IRS Emphasizing Transparency in Offshore Investment - Report from the ABA Section of Taxation Winter Meeting
CFJ partner Bill Davis reports below on the ABA Section of Taxation Winter Meeting in San Diego that was held on February 16-17, 2012 . The theme of the meeting this year was the continued emphasis on the transparency of the offshore investment world to the IRS.
I heard at least four separate presentations on the Foreign Account Tax Compliance Act (“FATCA”). Enacted as part of the HIRE Act in 2010, FATCA creates an entirely new reporting and withholding regime for a broad category of US payments. Clearly the message is the far-reaching of FATCA across borders and across industries. The FATCA reporting rules are in addition to the Foreign Financial Account Reporting Requirement (“FBAR”) and are designed to address US tax noncompliance by providing transparency with respect to assets and investments held offshore by U.S. Taxpayers. FATCA intends to provide increased reporting by both foreign payors and US individuals and entities with foreign accounts. It is designed to identify foreign accounts and is not designed to collect tax, but the “hammer” is a new 30% withholding tax on offshore income on financial accounts that are not reported.
The FATCA rules that will be set out in more than 100 pages of Regulations to be issued by the IRS soon will define reporting requirements by offshore banks, investment advisors, life insurance companies, annuity companies, and other financial institutions. I will provide separate more detailed information about the FATCA regulations as I learn more.
Wegelin & Co. – Swiss Bank
There was a great deal of discussion at the ABA Meeting about the indictment last week of the St. Gallen-based private Swiss Bank, Wegelin & Company founded in 1741 and three senior bank officials who decided to capture the illegal US depositor business that fled UBS after UBS got in trouble with the IRS. The US charged the Wegelin Bank defendants with conspiracy to defraud, tax evasion, tax perjury and money laundering in connection with hiding financial accounts of more than $1.2 billion in secret accounts for US depositors. Prosecutors said that from 2002 to 2011, more than 100 American taxpayers conspired with the defendants and others to hide accounts from the IRS. The BIG NEWS about the indictment is that it provides for forfeiture of assets as part of the money laundering charge, including transferee liability. In other words, the IRS is going to “follow the money” and seek forfeitures up and down the line.
There were sessions on the reporting requirements of US individuals and US entities having foreign investment accounts. The IRS announced the third Offshore Voluntary Disclosure Initiative program available to US citizens and green card holders with unreported foreign accounts and announced that the IRS is beginning to audit the 30,000 taxpayers who filed disclosure packages under the first two Offshore Voluntary Disclosure Initiatives. The IRS believes there are more than 500,000 more individuals and entities that have not properly disclosed their foreign accounts and in most cases, have not reported income on foreign earned income. The IRS will seek civil, and even criminal, penalties as they discover non-reported foreign accounts and non-reported foreign income.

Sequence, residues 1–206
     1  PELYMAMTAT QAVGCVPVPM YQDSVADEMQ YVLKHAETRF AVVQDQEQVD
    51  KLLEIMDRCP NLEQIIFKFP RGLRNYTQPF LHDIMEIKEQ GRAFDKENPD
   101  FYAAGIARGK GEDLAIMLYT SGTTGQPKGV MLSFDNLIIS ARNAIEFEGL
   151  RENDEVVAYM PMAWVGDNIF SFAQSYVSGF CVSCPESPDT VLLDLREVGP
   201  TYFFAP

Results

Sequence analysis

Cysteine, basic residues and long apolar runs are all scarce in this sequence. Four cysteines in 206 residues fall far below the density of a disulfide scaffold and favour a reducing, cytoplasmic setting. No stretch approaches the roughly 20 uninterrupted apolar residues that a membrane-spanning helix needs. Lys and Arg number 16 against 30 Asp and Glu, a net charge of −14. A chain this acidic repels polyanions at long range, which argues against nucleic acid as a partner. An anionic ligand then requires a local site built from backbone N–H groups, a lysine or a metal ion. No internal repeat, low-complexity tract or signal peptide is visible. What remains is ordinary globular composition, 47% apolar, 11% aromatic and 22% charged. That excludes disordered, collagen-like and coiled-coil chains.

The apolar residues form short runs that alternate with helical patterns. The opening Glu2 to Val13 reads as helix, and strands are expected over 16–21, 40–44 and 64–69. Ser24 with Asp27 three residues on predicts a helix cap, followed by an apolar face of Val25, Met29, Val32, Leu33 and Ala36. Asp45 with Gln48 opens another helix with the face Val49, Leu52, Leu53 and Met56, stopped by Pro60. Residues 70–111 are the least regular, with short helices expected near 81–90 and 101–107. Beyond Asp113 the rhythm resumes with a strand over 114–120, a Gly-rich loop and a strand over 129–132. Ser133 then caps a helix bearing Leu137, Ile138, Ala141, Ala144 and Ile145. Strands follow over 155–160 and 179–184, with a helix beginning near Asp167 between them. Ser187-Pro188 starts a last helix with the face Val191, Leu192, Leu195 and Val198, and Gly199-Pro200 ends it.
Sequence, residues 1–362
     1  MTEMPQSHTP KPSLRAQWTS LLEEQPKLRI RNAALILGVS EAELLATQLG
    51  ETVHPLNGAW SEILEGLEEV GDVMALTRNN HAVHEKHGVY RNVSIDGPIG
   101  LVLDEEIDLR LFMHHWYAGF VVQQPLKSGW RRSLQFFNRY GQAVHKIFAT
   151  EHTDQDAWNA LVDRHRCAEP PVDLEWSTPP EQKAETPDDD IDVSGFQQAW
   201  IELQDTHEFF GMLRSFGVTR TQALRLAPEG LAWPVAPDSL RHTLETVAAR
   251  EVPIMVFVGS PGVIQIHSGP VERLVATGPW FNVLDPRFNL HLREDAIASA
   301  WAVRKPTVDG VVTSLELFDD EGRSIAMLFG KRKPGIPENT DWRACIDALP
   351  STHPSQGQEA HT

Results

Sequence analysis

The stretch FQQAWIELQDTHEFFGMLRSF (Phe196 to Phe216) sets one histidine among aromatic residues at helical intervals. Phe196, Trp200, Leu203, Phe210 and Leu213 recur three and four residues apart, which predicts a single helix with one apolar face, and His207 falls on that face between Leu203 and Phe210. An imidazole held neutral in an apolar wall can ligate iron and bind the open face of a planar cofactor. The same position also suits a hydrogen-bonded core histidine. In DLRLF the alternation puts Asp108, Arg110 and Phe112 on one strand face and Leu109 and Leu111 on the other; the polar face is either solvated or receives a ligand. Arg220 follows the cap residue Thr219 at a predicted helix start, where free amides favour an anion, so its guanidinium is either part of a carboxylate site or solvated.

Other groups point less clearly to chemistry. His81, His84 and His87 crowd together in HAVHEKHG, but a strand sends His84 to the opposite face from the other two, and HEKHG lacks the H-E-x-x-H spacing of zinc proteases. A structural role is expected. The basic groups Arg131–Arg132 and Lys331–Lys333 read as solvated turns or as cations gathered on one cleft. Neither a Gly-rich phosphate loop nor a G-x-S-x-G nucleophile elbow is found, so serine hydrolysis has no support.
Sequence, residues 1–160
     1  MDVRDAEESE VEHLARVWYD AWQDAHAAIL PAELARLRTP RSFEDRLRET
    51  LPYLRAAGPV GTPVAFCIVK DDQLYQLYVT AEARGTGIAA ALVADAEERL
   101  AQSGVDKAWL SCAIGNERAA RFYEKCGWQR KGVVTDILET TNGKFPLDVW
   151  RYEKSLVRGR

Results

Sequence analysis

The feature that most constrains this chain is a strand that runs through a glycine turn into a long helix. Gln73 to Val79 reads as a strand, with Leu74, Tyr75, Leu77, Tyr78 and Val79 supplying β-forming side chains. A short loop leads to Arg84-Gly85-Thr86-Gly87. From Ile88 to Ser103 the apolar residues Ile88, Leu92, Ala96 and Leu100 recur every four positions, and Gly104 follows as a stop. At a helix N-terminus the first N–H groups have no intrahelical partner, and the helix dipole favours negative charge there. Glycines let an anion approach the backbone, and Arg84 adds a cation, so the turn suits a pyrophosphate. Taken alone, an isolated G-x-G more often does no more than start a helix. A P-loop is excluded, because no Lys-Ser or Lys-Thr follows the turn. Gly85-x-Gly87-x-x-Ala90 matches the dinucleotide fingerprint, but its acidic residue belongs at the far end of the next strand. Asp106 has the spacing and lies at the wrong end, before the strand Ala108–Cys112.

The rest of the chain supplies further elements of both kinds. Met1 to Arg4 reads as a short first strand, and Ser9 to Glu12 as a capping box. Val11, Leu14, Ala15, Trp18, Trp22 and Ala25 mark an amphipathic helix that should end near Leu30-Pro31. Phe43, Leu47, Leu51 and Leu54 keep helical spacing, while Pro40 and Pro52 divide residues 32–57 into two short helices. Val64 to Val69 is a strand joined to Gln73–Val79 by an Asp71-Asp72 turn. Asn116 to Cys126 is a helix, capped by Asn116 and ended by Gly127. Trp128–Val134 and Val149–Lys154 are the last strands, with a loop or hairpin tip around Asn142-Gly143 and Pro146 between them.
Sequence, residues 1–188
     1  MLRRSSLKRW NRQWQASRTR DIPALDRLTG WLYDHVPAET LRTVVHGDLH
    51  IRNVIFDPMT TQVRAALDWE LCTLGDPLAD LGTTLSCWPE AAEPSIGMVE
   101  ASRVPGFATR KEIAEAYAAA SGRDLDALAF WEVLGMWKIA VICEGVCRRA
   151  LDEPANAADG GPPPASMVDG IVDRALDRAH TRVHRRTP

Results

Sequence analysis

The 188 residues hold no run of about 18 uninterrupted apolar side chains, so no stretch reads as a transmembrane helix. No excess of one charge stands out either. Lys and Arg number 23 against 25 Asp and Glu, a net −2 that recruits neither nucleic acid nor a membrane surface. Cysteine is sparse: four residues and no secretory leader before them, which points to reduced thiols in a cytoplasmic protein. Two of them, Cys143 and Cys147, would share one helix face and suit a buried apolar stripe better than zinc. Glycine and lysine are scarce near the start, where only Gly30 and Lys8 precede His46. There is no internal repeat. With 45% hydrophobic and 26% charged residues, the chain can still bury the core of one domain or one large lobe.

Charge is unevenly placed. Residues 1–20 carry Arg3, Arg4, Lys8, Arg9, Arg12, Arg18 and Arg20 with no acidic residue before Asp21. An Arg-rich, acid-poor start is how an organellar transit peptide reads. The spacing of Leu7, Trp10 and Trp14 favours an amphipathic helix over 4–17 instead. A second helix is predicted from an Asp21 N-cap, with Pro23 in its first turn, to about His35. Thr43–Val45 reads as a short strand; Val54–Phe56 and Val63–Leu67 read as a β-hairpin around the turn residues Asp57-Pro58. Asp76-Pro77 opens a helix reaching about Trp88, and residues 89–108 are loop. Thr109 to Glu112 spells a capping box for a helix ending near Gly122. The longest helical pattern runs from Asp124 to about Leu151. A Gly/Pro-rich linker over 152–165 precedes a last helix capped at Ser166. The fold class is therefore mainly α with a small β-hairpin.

For the first time in probably seven years, there was no mention at the meeting of the continuing Virgin Islands’ Tax Dispute, except that IRS Appeals has developed new guidance for settling assessments against USVI taxpayers. The IRS would like to settle these cases, and the Appeals Officers now can take into consideration the “hazards of litigation”, including the question of the three year statute of limitations in trying to reach a settlement with the VI taxpayers. Two federal courts have allowed the Virgin Islands’ Government to intervene in current cases to enforce the three year statute of limitations on behalf of USVI taxpayers. The emphasis by the Government of the Virgin Islands is that the IRS has changed the statute of limitation policy for Virgin Islands’ taxpayers three times during the past few years, which the USVI government believes has hurt business development in the territory and has challenged the territorial governments’ autonomy. Maybe there is some hope in finalizing the USVI audits in favor of the USVI taxpayers under audits and assessments.
Other topics discussed during the San Diego meeting included an update on the IRS collection procedures, the vigerous imposition of civil and criminal tax penalties on collection matters and audits, particularly payroll tax audits, and the emphasis on timely tax reporting. In addition, there were sessions about the expected increase in capital gain rates, the new capital gains reporting forms, and the expected decrease in the top income tax rates for corporations, but the elimination of dozens of popular deductions.
2012 Estate Planning
On the estate planning front, there was a great deal of discussion on the need for taxpayers to take advantage of certain estate planning opportunities in 2012 that are certain to go away at the end of this year. For example, an individual can gift up to $5,000,000 as a lifetime exclusion from federal estate taxes in 2012, and everyone at the meeting agreed that the $5,000,000 gifting opportunity will be repealed to provide a maximum $1,000,000 tax free gift or less after 2012. This would mean an increase in estate taxes of $2,000,000 to a taxable estate if $4,000,000 is includable in a taxable estate after year 2012 that could have been gifted to family members or others tax free in 2012.
This is just a quick summary of what was discussed at the ABA Tax Section meeting. Please contact Bill Davis at firstname.lastname@example.org if you would like to have more information or have questions about any topic in this report.